Justin Walsh
A NASA generated image of micrometeoroids and orbital debris Author: NASA

Justin Walsh

Space Archaeology Pioneer

a new perspective on the final frontier

meet justin

Justin Walsh, Ph.D., RPA, (USA/Ireland) is professor of art history, archaeology, and space studies at Chapman University, and Ad Astra Distinguished Research Fellow in space habitats and space anthropology at the University of Southern California. He has worked on sites in the US, Spain, Italy, Jordan, and in low Earth orbit. Since 2015, he has been co-PI of the International Space Station Archaeological Project, the first investigation of the material culture of a space habitat, with fellow EC50 2024 honoree Dr. Alice Gorman. In 2022, ISSAP executed the first archaeological experiment in space. ISSAP received awards from the Archaeological Institute of America and the American Anthropological Association for this work. Prof. Walsh has received fellowships including a Rome Prize and a Fulbright. In 2016, he was Benjamin Meaker Distinguished Visiting Professor at the University of Bristol.

a new perspective on the final frontier
Nominated by: Dr. Janet Walsh, MR'05
Class of 2024 Location USA
The Chapman Excavations at Cástulo team working in Area 3 of the Roman-Iberian site of Cástulo (Spain) in July 2016
The Chapman Excavations at Cástulo team working in Area 3 of the Roman-Iberian site of Cástulo (Spain) in July 2016 Author: Eduardo Ruiz Castilla

The International Space Station Archaeological Project really started because I got frustrated. I saw that NASA and all the other space agencies prohibited people with backgrounds in the social sciences, humanities, and arts from applying to be professional astronauts. I knew that they wanted to send a crew on a three-year mission to Mars, but that they were missing a huge range of perspectives that are actually crucial to mission success because they didn’t see those disciplines as important enough. Then I found a 1972 National Academy of Sciences report called Human Factors in Long-Duration Spaceflight, which called a crewed spacecraft “a microsociety in a miniworld.” This is the driving concept behind our work: you have to understand the society and culture created by the crew in their habitat if you want to improve their experience. So I decided to study the ISS and show what the agencies were missing out on.

It’s been an uphill battle to carry out this work over the last eight years – there isn’t funding, and we often can’t get access to the data we would like. Even some archaeologists tell us that what we’re doing isn’t archaeology. That gatekeeping has forced us to be more creative and to use sources like historic photos or daily status reports in unexpected ways – this is actually my favorite part of the project, finding what’s archaeological in non-archaeological data! And little by little, we’ve shown people in the space industry that they don’t even know yet what they don’t know about what they’re trying to accomplish. We’ve shown that if you ignore what the social sciences can tell you about the technical problems you’re trying to solve, you will come up with a suboptimal solution. And they’re starting to listen – that’s gratifying.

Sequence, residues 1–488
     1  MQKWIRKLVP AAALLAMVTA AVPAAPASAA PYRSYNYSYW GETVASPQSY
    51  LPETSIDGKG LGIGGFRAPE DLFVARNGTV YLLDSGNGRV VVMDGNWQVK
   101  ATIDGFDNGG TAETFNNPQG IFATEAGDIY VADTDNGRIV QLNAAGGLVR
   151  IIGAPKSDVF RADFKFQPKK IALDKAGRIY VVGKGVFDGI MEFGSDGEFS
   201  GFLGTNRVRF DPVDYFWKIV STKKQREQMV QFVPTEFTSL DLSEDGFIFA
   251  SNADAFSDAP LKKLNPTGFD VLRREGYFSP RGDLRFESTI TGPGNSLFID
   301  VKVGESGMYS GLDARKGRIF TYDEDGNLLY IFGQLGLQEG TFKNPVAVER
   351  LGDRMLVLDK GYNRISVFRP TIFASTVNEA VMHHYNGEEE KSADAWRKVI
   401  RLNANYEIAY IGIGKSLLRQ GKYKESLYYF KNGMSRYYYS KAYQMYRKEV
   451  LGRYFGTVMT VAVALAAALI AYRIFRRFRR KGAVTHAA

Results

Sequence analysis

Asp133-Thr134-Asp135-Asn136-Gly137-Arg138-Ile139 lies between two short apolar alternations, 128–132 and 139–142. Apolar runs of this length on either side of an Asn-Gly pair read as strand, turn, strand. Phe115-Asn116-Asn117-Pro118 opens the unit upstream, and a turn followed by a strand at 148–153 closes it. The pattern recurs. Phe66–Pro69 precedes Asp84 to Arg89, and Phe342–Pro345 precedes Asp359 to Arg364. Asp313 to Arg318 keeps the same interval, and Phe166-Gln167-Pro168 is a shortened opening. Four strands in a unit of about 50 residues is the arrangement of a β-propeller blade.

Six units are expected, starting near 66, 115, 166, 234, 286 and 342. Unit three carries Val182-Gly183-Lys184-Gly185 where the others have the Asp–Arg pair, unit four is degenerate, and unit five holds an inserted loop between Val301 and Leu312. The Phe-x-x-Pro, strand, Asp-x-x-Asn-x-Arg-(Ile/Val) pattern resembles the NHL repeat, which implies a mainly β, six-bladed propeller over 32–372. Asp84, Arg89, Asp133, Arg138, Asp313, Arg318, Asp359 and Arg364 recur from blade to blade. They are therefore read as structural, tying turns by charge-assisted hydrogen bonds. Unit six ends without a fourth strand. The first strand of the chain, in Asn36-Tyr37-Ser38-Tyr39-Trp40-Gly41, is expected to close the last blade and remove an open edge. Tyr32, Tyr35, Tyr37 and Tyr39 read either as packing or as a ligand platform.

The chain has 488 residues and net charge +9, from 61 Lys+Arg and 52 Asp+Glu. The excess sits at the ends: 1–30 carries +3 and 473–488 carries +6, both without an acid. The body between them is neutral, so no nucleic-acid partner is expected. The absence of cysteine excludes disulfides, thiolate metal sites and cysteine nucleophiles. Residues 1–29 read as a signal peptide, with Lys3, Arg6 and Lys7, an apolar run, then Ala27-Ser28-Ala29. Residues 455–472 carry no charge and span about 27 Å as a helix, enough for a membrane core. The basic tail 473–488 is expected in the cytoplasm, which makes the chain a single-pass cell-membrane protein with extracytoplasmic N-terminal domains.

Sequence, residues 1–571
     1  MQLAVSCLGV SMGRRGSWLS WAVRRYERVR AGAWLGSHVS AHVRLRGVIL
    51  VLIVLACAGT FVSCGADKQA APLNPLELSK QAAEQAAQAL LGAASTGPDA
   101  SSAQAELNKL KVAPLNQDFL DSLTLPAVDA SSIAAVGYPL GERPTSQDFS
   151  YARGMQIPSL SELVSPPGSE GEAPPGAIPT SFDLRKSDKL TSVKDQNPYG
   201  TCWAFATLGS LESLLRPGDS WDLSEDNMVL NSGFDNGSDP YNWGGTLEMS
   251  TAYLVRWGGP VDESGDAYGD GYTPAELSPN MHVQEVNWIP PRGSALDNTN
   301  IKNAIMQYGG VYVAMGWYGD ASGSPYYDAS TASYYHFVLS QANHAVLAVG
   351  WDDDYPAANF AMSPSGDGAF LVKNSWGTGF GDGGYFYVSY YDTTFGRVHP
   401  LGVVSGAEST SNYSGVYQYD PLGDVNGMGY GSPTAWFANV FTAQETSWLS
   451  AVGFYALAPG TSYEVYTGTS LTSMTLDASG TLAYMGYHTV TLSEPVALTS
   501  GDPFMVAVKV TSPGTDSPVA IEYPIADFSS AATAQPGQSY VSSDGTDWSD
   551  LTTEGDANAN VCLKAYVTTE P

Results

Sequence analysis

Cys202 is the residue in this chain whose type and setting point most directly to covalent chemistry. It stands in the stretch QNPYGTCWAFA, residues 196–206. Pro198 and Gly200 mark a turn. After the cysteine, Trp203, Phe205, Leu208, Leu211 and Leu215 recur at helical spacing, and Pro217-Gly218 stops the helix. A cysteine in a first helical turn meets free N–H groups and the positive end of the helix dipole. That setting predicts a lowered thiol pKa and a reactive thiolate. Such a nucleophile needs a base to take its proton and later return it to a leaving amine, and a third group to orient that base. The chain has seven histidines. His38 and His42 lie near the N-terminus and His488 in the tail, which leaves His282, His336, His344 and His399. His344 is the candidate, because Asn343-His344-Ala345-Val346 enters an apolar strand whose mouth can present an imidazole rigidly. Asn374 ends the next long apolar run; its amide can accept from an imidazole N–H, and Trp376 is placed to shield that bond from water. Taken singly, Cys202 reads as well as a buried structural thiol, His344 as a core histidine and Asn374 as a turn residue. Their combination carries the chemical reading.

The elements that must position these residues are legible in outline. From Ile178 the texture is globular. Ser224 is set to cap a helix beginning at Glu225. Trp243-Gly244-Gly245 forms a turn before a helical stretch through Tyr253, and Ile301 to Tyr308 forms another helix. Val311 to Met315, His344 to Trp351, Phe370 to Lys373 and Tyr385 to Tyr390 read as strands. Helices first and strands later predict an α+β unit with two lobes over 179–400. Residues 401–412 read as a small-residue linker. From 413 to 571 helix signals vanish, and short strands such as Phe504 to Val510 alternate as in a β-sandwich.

Humans in space are still humans. I see my work as demonstrating that we have to understand living in space as an extension of living on Earth, and we have to understand places in space as being environments worthy of our consideration.

- Justin Walsh

Our work has been driven by a variety of different questions: How do humans adapt to long-duration spaceflight, and an environment that evolution hasn’t prepared us for, one characterized by isolation, confinement, and microgravity? What is the relationship between designs and plans for usage of space technology and architecture, and their actual usage? How can social science perspectives contribute to improving life in space? And finally, what methods can we develop to make it possible to study an archaeological site that we can’t visit in person?

In the last eight years, we’ve developed machine learning algorithms to identify people, places, and things in historic photos from all 23 years of continuous habitation of the ISS. We’ve taken the database used by the ISS space agencies to inventory every object sent to the station, and made it a forensic tool that can be queried. We’ve documented how the crew of the ISS has decorated various modules just like they decorate their homes and offices on Earth. We observed the only ISS material culture that comes back to Earth – scientific samples, broken equipment, and crew personal items – and seen how it reflects the incredibly structured existence of the astronauts and cosmonauts. Their lives are governed by lists and procedures, and they’re constantly under surveillance. And we’ve watched the crew do archaeology in space for the first time in our 2022 experiment, learning along the way that sometimes a workstation isn’t a workstation (it’s a pegboard for storing random things, like your garage), and that there are plenty of opportunities for future space station designers to give space station crews more control over their own lives – when, where, and how they work, eat, sleep, play, etc. All of this contributes to a completely new idea of how humans adapt to life in space.

never stop exploring